There is a common misconception that commercial vehicles are for ‘white van’ jobs or are inconvenient for taking up space on our roads. HGVs have been criticised for being huge polluters in urban areas, however this isn’t true. Here, we’ll take a look at the evolution of commercial vehicles and how they serve to be an entrepreneur’s best friend.
What is a commercial vehicle?
According to the Collins dictionary, a commercial vehicle is ‘a vehicle that is licensed to be used for the transportation of goods or materials rather than passengers. The point of any commercial vehicle is to be of service to the business’.
The rise of quirky businesses
Ford’s models have often been the first choice for manual workers. The Ford Transit Connect has won many awards over the years thanks to its versatility and reliability. However, it is the likes of the Ford Transit full-size van where entrepreneurs are turning their attention. As it is available in three body lengths and three roof heights, it provides the perfect space to create a portable cooking space.
The Transit Connect has lots of space for equipment and essentials, with a 487.3 cubic feet capacity. Better yet, the height of the vehicle means that anyone under 6ft4 can easily stand up in when cooking. This has led to the rise of fast-food ventures in quirky vehicles.
It isn’t just businesses that benefit from commercial vehicles. Studies have found that 88% of British consumers think that a reduced or restricted service from CV-driven services would have a detrimental impact on their quality of life. This includes rubbish collection, online deliveries and sending and receiving post. Each year, nearly 15 billion letters are delivered via CV vehicles, while 325 million tonnes of food products are also transported by road annually. This can include supermarket lorries as well as deliveries from couriers such as Hello Fresh and Muscle Food. Such online purchases meant that the UK spent £67.3 billion worth of goods and services online in 2017.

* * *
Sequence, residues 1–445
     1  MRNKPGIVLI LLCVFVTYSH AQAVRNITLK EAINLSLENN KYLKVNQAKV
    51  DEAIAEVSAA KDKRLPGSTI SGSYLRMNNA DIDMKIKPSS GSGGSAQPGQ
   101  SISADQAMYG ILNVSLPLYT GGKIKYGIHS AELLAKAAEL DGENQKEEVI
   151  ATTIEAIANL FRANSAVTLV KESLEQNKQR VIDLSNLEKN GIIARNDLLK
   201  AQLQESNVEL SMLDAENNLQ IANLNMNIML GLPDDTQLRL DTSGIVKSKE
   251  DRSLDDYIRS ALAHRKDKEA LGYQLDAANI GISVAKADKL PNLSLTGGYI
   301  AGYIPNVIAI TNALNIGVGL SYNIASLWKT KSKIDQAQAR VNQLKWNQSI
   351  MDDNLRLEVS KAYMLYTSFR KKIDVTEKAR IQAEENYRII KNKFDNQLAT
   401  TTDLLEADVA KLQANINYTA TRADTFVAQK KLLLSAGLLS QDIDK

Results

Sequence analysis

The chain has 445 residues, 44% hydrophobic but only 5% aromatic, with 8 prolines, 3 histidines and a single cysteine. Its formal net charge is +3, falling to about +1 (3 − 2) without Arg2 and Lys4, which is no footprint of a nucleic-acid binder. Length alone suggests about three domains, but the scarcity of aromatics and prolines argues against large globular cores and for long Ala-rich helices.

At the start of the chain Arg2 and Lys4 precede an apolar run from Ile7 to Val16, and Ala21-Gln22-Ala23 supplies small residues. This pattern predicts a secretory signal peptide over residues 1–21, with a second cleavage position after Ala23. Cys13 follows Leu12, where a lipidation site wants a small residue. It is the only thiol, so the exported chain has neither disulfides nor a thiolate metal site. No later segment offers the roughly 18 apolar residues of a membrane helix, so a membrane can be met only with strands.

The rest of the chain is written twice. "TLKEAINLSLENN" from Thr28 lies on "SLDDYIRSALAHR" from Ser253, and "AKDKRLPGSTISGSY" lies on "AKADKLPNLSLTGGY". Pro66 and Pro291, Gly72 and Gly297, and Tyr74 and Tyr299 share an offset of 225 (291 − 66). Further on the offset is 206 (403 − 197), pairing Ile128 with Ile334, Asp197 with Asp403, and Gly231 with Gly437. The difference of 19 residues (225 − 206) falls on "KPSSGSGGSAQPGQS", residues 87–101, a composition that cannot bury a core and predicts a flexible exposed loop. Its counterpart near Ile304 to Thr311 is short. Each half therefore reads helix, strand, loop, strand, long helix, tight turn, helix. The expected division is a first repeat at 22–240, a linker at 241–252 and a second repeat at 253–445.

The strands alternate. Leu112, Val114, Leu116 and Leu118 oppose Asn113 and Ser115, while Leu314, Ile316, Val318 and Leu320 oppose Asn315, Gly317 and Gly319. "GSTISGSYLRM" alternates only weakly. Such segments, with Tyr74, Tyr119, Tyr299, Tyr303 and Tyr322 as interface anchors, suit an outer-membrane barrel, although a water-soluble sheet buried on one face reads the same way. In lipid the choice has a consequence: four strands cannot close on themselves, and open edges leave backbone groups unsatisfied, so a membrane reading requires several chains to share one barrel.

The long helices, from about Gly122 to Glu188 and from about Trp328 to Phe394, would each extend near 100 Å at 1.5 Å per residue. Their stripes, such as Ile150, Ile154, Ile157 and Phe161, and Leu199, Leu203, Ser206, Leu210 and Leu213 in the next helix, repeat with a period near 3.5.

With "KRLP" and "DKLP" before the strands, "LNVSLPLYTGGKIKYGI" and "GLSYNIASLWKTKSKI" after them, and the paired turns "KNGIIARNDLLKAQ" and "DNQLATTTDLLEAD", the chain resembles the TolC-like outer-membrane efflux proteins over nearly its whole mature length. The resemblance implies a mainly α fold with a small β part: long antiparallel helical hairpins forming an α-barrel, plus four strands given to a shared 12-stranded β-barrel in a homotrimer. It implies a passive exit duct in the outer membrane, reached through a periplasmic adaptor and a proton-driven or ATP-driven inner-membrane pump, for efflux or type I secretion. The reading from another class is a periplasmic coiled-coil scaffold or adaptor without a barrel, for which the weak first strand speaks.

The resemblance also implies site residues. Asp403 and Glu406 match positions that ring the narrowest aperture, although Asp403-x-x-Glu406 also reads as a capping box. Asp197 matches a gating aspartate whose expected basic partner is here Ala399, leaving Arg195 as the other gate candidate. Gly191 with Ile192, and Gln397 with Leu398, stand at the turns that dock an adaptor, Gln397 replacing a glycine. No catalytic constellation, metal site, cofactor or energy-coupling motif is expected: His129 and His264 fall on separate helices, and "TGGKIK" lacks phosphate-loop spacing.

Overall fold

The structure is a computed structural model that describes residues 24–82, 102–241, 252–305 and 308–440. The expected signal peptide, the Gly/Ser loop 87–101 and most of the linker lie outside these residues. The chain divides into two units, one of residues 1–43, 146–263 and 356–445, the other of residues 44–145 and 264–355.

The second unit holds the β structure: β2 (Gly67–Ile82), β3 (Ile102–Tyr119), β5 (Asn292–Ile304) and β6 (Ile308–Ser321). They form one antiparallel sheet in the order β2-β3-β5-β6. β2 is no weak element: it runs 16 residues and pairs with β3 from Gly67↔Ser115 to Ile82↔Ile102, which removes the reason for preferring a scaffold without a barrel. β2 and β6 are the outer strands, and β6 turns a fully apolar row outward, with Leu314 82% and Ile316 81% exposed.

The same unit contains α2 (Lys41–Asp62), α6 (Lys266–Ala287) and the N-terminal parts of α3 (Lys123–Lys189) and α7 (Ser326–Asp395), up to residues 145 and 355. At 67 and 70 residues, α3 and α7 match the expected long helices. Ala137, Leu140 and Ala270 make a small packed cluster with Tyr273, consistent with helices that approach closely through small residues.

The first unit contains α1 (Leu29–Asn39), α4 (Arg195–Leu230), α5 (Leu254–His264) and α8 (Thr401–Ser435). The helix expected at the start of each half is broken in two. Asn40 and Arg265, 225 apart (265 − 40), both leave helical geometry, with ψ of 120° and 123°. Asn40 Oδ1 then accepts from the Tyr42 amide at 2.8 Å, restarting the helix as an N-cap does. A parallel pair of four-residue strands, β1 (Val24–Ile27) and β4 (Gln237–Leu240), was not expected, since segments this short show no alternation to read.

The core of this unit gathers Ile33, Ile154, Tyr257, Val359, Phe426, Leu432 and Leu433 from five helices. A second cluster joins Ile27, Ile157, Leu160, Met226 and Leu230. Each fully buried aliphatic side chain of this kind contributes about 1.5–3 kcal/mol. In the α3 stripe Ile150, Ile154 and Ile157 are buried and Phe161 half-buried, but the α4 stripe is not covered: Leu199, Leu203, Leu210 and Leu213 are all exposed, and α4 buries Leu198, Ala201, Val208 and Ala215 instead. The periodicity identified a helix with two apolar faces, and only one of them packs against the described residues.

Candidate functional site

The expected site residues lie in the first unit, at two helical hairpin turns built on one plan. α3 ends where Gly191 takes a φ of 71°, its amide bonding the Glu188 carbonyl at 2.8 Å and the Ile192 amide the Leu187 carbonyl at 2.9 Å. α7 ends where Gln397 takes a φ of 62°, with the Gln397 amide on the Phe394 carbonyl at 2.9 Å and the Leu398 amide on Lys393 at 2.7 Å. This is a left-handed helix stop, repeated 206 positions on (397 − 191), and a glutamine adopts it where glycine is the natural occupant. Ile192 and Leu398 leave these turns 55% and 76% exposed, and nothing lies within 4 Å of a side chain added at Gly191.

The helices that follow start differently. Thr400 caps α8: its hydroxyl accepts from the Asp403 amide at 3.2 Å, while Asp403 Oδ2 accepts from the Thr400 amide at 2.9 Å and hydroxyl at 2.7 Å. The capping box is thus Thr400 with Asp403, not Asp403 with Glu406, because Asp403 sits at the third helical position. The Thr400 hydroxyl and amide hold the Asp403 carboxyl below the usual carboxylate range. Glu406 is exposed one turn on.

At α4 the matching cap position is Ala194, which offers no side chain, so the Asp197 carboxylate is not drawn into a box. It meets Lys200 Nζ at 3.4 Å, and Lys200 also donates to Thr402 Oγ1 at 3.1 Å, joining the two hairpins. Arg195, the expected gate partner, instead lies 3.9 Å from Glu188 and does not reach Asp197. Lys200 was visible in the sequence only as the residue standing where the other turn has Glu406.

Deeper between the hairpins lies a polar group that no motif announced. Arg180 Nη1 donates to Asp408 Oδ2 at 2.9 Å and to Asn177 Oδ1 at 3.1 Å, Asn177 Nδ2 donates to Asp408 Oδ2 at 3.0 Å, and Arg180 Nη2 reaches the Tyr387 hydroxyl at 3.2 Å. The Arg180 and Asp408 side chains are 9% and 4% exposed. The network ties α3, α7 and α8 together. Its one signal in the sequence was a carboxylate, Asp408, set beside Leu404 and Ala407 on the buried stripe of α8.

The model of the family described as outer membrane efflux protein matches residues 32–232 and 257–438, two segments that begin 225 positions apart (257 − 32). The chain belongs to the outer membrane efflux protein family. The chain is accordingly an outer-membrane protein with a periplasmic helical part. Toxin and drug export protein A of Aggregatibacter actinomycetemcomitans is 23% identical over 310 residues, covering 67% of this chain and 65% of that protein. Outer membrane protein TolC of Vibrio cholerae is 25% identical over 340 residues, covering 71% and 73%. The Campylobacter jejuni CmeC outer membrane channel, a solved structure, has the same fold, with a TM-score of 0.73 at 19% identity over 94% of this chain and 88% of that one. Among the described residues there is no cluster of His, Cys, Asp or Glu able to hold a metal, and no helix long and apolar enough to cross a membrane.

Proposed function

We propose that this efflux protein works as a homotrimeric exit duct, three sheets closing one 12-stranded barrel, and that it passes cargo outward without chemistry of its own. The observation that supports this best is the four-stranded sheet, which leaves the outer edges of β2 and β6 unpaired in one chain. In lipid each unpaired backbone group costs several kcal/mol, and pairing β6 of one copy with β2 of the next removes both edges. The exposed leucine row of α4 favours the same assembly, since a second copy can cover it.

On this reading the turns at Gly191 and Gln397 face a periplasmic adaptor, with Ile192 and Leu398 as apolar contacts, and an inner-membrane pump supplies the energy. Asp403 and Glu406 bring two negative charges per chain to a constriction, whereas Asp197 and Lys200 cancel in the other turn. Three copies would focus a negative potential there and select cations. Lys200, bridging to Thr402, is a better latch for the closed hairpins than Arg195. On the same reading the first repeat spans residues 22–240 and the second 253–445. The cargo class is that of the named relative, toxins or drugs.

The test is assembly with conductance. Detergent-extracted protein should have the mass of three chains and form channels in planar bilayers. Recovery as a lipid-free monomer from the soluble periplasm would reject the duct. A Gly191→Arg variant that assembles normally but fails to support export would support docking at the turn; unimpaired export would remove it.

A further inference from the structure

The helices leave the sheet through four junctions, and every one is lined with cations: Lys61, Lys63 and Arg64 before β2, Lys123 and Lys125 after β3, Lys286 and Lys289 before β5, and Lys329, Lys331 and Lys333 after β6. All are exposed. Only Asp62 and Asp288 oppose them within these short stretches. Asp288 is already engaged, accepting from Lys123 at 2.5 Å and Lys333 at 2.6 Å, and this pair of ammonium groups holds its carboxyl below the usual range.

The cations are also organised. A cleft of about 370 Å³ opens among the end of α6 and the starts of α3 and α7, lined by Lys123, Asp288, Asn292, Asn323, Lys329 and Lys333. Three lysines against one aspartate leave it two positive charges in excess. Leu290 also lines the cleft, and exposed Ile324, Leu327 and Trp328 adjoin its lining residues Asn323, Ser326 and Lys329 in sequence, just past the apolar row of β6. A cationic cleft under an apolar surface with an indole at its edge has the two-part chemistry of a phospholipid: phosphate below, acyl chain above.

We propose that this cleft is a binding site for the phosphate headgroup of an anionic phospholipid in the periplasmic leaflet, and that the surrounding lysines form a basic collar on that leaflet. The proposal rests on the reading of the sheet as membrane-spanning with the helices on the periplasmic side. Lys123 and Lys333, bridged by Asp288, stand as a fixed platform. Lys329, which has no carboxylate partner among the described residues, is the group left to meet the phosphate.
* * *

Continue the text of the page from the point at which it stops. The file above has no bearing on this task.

You probably didn’t know that emergency services use CV vehicles. That means that the 17,228 ambulances that are on our streets and carrying upwards of five million people to A&E each year are commercial vehicles too.
SMMT Chief Executive, Mike Hawes, said: “There are five million commercial vehicles on Britain’s roads and they play a vital role in powering our essential services. Britain’s CVs are the backbone of our economy, and manufacturers invest heavily in technology, with the latest CVs on our roads today the cleanest, safest and most advanced in history. For the sector to grow and continue to drive investment and jobs, government must maintain the right economic conditions, and help promote fleet renewal through the right policies and incentives.”
Commercial vehicles are a lot more valuable than people realise, helping with everything from everyday tasks to essential parts of society like emergency services.